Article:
Will Its $13,999 Price Make You Long For This 1987 Mercedes Benz 300TD Longroof?

Nice Price Or Crack PipeIs this used car a good deal? You decide!

The seller of today’s Nice Price or Crack Pipe 300TD is really eager to move the metal, so much so that he’s simultaneously posted the car on Craigslist and eBay. We’ll just have to see what the fuss is all about.

In the movies, nothing good ever comes from camping in the woods. Whether it’s fighting off a deranged lunartic, alien abductors, or that grizzly that only concidered Dicaprio an hors d’oeuvre, camping can be full of peril.


That’s why yesterday’s 1977 Chevy Blazer Chalet is such a perfect camper, as it needs a ton of work done before it’s ready to hit to great outdoors. That’ll likely postpone any egregious backwoods blundering. Perhaps forever because let’s be honest, you’d never finish the project anyway.

That measure of safety did not perhaps factor into the camper’s laudable 65-percent Nice Price win, but its rarity and modest $2,995 asking price no doubt did.

Look, I’m just going to come out and say it: diesel is the snake oil of our modern age. It is peddled by unscrupulous hucksters—typically with thick German accents, who promise that “it iz az clean az ze gasoline, und vith zoh much more torque” (flashes fist across chest in emphasis)—who draw us parlously into their web of deceit.


You can still buy diesels here in the States, although not from what was once their most ardent supporter, Volkswagen. But the particulate pooping fuel’s days here, and elsewhere, might just be numbered.

Or maybe not. The current sentiment in Washington DC seems to be “pollution is actually good! And making it from fossil fuels is even better, even though we believe fossils were put there by Satan to test our faith.” Yeah, these are truly crazy times in which we live.


That’s why I’m ready to turn back the clock and have a look at this 1987 Mercedes Benz 300TD estate, which comes from an era when diesels weren’t bad (or at least we were blissfully ignorant of their true impact) and Mercedes models were still built like Panzer tanks.


The W124 E Class was the last of that series about which claims of extraordinary durability and longevity could legitimately be made. That being said, I don’t think I’ve seen a W124 TD in this nice of shape in a long while. Maybe even a month.

The car comes in Ultramarineblau over Palomino and with a mere 92,000 miles on the odo. The ad notes that the engine has seen “ALL NEW gaskets, in the entire engine,” resulting in “NO LEAKS or Burning of oil at all!!” It also comes with a new battery, fresh meats on its factory alloys, and some pretty sweet vacuum patterns on the carpet in back of the added-in third row seats.


The ad is unfathomably difficult to read owing to its odd combination of capitalizations for emphasis and strange hyphenations of words (NATI-ONWIDE?). But don’t worry, I plowed through it and I think I got all the salient facts straight.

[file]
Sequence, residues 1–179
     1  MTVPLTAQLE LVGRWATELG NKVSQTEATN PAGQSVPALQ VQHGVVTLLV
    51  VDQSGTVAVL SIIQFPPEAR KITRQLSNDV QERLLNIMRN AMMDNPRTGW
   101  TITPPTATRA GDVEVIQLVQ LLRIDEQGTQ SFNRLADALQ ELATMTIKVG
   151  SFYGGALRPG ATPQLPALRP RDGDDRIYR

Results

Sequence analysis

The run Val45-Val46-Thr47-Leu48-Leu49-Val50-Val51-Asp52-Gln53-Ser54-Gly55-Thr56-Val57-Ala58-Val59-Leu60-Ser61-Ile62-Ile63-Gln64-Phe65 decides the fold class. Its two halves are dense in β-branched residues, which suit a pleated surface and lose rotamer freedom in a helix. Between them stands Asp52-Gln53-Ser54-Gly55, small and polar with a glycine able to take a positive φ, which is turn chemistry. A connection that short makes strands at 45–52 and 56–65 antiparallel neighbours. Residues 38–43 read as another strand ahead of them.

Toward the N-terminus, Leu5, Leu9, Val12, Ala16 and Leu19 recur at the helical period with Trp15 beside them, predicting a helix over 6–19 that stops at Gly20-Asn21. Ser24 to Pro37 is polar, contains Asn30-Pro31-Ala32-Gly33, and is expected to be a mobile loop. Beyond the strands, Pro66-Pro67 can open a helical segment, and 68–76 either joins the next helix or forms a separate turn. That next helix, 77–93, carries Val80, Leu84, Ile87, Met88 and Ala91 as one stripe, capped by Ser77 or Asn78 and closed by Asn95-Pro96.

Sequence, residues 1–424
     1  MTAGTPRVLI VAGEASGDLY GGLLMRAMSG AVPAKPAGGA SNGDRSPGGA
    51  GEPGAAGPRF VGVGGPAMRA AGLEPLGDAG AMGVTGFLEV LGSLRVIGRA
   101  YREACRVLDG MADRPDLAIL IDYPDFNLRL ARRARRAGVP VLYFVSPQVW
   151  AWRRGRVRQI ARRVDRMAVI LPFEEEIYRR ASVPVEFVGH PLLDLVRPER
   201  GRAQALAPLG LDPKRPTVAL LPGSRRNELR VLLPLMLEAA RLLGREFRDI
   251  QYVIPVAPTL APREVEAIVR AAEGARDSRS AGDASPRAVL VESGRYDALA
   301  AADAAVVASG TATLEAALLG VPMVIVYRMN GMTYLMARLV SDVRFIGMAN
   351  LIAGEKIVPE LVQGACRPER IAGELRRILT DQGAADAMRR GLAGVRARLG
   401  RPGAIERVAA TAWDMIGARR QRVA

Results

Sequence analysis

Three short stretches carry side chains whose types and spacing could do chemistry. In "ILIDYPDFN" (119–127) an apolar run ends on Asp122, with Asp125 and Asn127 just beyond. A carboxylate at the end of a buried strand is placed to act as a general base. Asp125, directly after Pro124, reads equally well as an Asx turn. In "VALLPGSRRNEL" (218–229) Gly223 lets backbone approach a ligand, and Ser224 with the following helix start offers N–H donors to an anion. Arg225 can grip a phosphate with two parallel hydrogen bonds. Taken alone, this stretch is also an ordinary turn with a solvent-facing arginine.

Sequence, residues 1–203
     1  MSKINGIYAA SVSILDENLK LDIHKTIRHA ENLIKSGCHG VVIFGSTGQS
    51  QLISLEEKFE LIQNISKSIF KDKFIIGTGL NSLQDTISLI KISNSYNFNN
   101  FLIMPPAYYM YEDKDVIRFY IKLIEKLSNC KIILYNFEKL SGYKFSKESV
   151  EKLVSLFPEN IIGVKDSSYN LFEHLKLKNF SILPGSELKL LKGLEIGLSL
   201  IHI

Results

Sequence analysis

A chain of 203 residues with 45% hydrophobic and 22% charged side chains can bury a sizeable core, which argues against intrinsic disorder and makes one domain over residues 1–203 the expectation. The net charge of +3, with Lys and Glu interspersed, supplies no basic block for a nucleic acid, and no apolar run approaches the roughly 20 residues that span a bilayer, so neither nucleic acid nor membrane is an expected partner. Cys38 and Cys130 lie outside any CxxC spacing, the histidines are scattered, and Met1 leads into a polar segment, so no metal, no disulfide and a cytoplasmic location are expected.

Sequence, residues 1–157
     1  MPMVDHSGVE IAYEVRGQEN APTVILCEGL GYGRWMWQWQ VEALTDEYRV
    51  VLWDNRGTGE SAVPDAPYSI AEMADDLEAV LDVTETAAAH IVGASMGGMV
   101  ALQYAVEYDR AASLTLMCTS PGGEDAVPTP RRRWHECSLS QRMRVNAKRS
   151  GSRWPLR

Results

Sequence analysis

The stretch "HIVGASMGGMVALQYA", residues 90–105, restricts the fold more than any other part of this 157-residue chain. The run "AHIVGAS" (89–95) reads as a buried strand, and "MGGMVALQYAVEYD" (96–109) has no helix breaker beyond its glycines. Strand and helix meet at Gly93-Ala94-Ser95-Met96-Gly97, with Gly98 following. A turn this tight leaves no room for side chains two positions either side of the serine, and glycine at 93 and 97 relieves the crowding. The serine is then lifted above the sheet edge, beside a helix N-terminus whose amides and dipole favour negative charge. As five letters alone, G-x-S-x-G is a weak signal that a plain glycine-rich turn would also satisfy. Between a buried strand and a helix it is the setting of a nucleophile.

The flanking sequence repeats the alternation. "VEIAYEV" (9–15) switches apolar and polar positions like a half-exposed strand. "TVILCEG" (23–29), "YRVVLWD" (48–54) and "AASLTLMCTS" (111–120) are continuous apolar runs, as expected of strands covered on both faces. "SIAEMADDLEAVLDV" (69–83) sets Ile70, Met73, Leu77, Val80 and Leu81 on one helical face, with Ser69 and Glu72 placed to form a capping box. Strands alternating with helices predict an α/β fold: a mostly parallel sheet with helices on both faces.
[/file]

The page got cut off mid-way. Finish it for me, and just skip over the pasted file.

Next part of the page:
Under the hood sits Mercedes’ OM603.963 SOHC straight six offering up 2,996 ccs of displacement. The turbocharged six was good from the factory for 148 horsepower and a substantial 267 lb ft of torque. That’s enough to reasonably let the remarkably light—3,330-pound—estate get out of its own way. Behind the oil burning mill is a four-speed automatic. Behind/above that is a cool single articulating windshield wiper whose incomprehensible function will immediately have you believeing in black magic.


The ad claims that this 300TD feels like a 20K-mile car, driving soundly and with a perfectly working transmission. The drivetrain is original to the car, as is seemingly everything else short of the expected consumables and the stereo head unit. The interior looks awesome with what appears to be leather on the seats rather than MBTex, and lovely Zebrano wood trim on the dash. Door cards look clean and intact, while the rubber surrounds seem to be holding up admirably.

The styling of the W124, both inside and out, is pretty timeless and while I don’t agree with the seller’s ad writing decisions, I do concur with his assertion that this Benz would make an enviable fashion statement.


There’s no rust or apparently any other major aesthetic issue with the bodywork, although the seller does caution that it’s not “A SHOW CAR.” That’s okay, I’d just like to drive it.


As I noted, the car has been up on both the Craigslist and eBay, and in that latter case, it clocked out without a sale. The seller does boast of “OVER 50 WATCHERS” there, but as you’ve no doubt discovered in certain sexual exploits, people who just like to watch aren’t in the business of getting the job done for anyone but themselves.

No, it’s our job to let this seller know that, no matter where he hawks his amazingly clean Mercedes, he’s going to have to price it appropriately. Right now he’s got it listed at a cool $13,999. That hasn’t seemed to move the metal. Do you think that it just hasn’t met the right buyer? Or is that too many bucks for this classy old Benz.


You decide!


Denver, CO Craigslist, or go here if the ad disappears.

H/T to Matt for the hookup!

Help me out with NPOCP. Click here to send a me a fixed-price tip, and remember to include your Kinja handle.

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About the author

Rob Emslie

Rob Emslie is a contributing writer for Jalopnik. He has too many cars, and not enough time to work on them all.